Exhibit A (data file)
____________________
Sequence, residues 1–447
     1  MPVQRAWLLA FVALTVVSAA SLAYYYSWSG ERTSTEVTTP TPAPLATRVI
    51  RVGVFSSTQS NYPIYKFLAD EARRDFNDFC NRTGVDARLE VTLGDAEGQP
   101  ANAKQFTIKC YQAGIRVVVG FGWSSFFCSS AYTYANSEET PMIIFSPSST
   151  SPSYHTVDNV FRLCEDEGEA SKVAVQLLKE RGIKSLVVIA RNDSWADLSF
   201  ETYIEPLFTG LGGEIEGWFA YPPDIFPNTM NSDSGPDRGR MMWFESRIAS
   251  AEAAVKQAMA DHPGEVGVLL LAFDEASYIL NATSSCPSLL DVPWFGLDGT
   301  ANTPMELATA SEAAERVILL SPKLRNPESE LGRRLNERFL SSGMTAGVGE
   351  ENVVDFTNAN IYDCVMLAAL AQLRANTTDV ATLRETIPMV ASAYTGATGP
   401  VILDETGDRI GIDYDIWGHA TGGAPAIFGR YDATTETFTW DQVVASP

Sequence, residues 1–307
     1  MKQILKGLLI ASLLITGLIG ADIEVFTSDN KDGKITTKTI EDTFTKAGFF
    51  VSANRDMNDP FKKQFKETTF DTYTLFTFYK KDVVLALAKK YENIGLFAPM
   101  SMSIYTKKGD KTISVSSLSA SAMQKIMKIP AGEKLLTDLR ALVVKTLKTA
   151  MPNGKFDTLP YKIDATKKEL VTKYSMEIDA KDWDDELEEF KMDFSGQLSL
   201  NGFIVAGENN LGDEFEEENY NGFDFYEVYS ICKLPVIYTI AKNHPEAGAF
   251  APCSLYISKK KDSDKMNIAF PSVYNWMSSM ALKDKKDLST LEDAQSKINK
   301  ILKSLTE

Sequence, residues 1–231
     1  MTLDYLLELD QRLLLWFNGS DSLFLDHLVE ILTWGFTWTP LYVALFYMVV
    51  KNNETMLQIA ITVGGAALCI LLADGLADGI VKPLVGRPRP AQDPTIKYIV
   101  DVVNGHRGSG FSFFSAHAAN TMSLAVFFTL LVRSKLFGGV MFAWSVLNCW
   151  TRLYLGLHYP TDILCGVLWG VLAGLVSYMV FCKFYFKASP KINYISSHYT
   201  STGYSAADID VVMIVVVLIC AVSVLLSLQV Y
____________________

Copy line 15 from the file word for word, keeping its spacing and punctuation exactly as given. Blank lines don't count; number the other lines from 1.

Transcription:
   151  MPNGKFDTLP YKIDATKKEL VTKYSMEIDA KDWDDELEEF KMDFSGQLSL